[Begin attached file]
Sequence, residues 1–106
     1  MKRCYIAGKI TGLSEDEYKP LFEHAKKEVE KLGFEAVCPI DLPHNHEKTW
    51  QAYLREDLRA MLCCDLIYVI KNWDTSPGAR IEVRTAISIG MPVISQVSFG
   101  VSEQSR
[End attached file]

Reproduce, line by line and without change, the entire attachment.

Sequence, residues 1–106
     1  MKRCYIAGKI TGLSEDEYKP LFEHAKKEVE KLGFEAVCPI DLPHNHEKTW
    51  QAYLREDLRA MLCCDLIYVI KNWDTSPGAR IEVRTAISIG MPVISQVSFG
   101  VSEQSR